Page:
Study of the mechanical and dimensional properties of modern and contemporary painting materials


Description

Since 1.850, the artistic production of the avant-garde was characterized by the variety of painting techniques, the experimentation and the absence of any artistic or stylistic canons. However, far beyond historical and aesthetic aspects, and from a more tangible and objective perspective, it also represents great challenges. Unlike the commonly considered Ā«traditionalĀ» art, the artworks produced in the last two centuries are characterized by multiple and different materials that interact among each other generating dynamic and constantly changing complex structures. In other words: the ability to predict, prevent, stop and/or treat damage in modern and contemporary artworks turns into a difficult task from the perspective of traditional conservation criteria and strategies.

The industrial revolution of the mid-nineteenth century and the later development of the chemical industry in the mid-twentieth century brought great technical advances, including in the Fine Arts field. The production of artworks moved from the natural materials prepared by the artist in his studio to the au-plein-air technique, the agile brushstrokes and the rapid production of paintings, the art market, the variety of finishes and textures because of the different media and techniques used and thus the experimentation of artists in search of textures and color effects impossible (and even unthinkable) until then.

Specifically in the field of materials, the production of industrial paints and the marketing of paint tubes, ready-to-use industrially primed canvases etc., would bring mass production and costs reduction. The use of additives and low quality pigments, coupled with the use of preservatives, plasticizers and extenders present in the paint tubes to preserve their fluidity are the origin of most of the problems currently associated to modern and contemporary paintings nowadays. This evidences that the studies based on the control of the environmental conditions that have been traditionally the key to stop degradation and minimize damage are not enough.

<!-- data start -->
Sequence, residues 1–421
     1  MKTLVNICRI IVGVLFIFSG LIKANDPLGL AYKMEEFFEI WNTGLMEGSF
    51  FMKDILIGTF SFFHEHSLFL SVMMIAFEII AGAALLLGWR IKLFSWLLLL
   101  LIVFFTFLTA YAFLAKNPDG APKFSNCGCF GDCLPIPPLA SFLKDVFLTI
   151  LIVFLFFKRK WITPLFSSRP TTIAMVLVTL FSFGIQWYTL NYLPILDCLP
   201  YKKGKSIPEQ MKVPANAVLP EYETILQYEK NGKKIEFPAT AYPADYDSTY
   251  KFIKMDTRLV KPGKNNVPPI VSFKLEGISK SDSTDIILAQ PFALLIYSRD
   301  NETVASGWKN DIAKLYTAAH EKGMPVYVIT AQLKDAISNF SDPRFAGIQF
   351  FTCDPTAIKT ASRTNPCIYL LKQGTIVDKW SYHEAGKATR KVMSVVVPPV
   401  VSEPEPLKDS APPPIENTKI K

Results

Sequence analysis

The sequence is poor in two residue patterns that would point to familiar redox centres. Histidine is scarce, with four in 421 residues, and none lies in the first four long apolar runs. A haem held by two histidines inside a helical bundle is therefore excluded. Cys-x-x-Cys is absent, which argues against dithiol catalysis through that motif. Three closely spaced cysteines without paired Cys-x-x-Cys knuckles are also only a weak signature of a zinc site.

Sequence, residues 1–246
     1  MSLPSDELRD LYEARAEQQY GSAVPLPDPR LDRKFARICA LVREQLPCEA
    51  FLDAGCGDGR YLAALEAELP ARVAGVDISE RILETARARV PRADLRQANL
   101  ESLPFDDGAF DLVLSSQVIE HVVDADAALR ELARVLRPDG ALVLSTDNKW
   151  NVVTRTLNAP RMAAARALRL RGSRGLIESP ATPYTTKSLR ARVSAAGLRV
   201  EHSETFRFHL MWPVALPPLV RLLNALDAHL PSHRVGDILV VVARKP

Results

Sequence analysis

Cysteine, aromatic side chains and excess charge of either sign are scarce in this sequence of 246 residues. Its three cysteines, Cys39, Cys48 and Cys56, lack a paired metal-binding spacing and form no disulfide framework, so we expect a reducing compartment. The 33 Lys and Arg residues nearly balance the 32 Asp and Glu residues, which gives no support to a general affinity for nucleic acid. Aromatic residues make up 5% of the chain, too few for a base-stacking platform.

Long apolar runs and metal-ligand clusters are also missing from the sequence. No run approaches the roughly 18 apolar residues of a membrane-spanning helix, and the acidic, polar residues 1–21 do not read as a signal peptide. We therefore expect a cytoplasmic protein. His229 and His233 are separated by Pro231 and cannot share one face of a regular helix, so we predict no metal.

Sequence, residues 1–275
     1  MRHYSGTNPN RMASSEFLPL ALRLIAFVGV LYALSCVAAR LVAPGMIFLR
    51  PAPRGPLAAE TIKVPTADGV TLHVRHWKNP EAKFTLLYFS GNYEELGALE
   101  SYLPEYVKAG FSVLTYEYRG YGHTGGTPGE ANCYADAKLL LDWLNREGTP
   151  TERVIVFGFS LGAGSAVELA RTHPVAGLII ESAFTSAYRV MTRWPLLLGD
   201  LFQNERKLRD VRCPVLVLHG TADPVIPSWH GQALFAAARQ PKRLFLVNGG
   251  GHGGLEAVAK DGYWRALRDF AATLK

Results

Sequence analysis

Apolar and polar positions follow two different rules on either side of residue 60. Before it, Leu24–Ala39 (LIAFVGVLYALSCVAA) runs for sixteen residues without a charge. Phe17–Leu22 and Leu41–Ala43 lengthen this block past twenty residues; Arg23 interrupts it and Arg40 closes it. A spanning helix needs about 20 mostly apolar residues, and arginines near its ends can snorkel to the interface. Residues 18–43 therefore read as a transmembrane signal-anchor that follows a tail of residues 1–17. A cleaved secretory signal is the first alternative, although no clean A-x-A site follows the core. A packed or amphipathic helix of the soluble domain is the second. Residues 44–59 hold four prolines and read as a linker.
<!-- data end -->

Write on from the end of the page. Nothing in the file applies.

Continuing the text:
Nowadays there is a common and growing interest at an international level to know in detail how modern and contemporary paintings are built and how do they degrade. For this purpose two types of studies are usually combined:

1-One is the analysis of case studies from private collections and institutions that often present obvious and dramatic alterations and where the integrity and stability in the mid-to-long term are compromised.

2- A second type are lab experiments, that are carried out to test and analyse either original samples from the above-mentioned case studies as well as reference materials and where the simulated degradation can be monitored under controlled conditions and by means of different analytical techniques.

The aim of this research line is to understand the chemical interactions that take place in modern and contemporary paintings, the degradation mechanisms that they undergone in time, the alterations typically found in the surface as well as to design the appropriate conservation strategies for their stabilization and preservation.

Key words

Mechanics; Failure: Structure; Cultural artefacts; Behaviour; Conservation strategies; Modern and contemporary paintings

Leader

Laura Fuster